Subject: I have found a DVD that I think you would enjoy
|NOVA Master of the Killer Ants|
Genres: Special Interests, Television, Documentary
Studio: Wgbh Wholesale Release Date: 03/04/2008 Run time: 56 minutes
Nova: Master of the Killer Ants
Penetralia | 08/17/2008
(5 out of 5 stars)
"A wonderful film about Mofu life with insects; particularly, termites, ants, and a unique bird. Viewers will see a real sense of community life amongst villagers and their relationship with mother earth.
Perhaps, negative reviewers of this film should one day be responsible for going into a non-English village and shooting/writing/filming/marketing/networking/airing a beautiful story like, "Master of the Killer Ants." It is always easy to criticize than it is to create a masterpiece; especially an entertaining-educational program with a perfect beginning, middle, and end. In fact, more of the world should celebrate rain or water, and have more harmonious relationships with their environments, as this film cleverly pictured.
I loved this film!
Jay Citizen | Mid America | 03/20/2010
(5 out of 5 stars)
"I am not here to judge religion,people, film producers, or politics. I am here to review what is one of the best, most wonderfull PBS productions I've seen in quite a while. They should have been selling this film during the membership drive this spring break!
I won't have the money for it for a few weeks but I plan on purchasing it, for sure!!
NOVA stuck to their guns and showed the life style as it probably really is, which is scraping survival out of the bleak existence of Western African Cameroon. They did the best they could, I imagine it is hard to film in conflict countries without maintaining some political correctness with the authorities, or you will not be allowed to film again.
I'm sure folks are intelligent enough to filter this out. It was very heart warming to see the kids enjoying nature on their food hunt and recon for the infamous red army ants mentioned in the introduction. Everything leading up to this was very interesting to me. As only the third generation to escape the mud huts on the prairie, I can identify with these folks. The only real difference was we lived in modern homes and used machinery,motorized irrigation, and pesticides. But this only during the last 50 years. Much of our spare time was spent harvesting the orchards and gardens, which still involved heavy manual labor just like these folks. I'd say 60% of our time a day was spent on food recovery and preparation. Way more than anyone would tolerate now days in the USA anyway.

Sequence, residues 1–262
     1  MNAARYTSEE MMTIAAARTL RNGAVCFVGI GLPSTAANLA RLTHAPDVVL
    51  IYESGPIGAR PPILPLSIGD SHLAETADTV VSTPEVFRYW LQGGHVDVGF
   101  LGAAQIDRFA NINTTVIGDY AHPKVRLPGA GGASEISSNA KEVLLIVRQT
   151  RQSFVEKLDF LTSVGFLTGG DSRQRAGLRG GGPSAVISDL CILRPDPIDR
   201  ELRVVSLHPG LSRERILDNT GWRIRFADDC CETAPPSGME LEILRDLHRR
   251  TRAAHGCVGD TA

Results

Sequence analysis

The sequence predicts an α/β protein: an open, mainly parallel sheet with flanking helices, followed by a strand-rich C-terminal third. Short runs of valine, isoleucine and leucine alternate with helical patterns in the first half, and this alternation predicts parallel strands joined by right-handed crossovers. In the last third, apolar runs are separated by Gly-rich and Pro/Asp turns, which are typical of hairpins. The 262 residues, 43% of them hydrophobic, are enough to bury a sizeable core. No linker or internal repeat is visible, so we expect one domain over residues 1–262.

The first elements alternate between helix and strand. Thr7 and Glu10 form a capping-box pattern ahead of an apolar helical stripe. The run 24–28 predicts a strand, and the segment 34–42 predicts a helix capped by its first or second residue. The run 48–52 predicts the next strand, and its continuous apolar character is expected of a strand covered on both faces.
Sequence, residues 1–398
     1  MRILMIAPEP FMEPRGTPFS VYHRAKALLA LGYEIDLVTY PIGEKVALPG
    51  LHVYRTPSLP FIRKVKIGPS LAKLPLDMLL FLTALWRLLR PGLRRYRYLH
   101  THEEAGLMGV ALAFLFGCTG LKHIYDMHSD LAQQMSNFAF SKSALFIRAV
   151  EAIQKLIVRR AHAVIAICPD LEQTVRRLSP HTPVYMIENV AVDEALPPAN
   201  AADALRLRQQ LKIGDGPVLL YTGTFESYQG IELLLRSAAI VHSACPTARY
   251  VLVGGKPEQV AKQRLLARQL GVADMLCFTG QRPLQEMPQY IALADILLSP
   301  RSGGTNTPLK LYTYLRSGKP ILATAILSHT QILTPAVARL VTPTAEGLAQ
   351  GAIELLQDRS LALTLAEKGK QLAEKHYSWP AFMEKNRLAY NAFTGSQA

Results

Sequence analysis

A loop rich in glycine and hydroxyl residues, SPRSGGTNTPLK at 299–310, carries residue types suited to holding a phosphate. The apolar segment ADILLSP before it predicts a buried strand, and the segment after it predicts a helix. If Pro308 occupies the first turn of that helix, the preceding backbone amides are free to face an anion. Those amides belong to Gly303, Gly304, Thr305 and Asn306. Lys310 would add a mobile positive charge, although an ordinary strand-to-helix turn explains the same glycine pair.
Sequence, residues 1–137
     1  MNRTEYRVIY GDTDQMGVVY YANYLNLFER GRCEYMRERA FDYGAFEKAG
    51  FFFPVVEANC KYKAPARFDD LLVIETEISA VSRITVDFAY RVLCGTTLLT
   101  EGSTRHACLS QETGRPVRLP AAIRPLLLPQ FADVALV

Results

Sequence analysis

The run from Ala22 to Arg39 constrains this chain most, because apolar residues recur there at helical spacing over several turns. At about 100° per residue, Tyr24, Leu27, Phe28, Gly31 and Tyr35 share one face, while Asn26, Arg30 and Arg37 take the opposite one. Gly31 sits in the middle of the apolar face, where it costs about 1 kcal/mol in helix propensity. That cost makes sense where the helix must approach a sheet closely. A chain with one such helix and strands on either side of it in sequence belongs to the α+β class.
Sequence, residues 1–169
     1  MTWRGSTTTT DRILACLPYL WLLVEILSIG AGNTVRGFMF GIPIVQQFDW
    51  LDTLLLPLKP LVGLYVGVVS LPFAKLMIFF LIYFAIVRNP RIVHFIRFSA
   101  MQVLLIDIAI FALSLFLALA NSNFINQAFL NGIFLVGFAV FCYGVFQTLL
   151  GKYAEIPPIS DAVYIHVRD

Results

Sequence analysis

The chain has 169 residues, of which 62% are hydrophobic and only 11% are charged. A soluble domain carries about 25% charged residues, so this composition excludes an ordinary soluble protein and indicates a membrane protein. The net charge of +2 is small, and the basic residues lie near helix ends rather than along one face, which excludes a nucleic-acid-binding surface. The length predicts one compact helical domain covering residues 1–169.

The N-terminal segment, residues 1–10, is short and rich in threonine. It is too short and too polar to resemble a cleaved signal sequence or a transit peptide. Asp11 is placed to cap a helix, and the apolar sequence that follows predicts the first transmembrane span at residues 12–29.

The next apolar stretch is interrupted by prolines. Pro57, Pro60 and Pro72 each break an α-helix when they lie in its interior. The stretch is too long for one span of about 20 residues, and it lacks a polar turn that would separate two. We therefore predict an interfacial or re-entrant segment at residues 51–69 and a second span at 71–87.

We also had our war with pests, and not all of them could be dealt with by pesticides. Bull snakes were encourage to move into our farmyards to keep the rattlesnakes away, and red/black prairie ants to keep the fire ants at bay, just to name a few instances.
But straight to the jist of why I recommend this movie is the remarkable achievment in preserving a history of what is hopefully a hard life dissappearing like it did for us, at the turn of the last century. The story line was beautifly executed and filmed, and you just had to fall in love with the cute grandfather who had the wise woodcraft(or witchcraft if you insist) to use bio-specie warfare against the terrible termites plaguing the village.
I can't understand the vitriol from some reviewers for the sciences used in this assesment. After all Anthropology is as important as the entomology shown in this film, at a time when human and natural cooperation was closer and more finely tuned than we have now. Woodcraft is a 6th sense that we have lost in this modern society. It is sad too, as it helped my beloved uncle survive Iwo Jima.
The music was straight from African traditions and used sparingly and with only original African cultural instrumentation. The filming was fantastic, and the macro-filmography of the insects spellbinding!
I highly recommend this film, although I hope it is remastered as a blu-ray; as this belongs in any thinking person's library. And any compassionate person's heart as well!! Truely a piece of art!"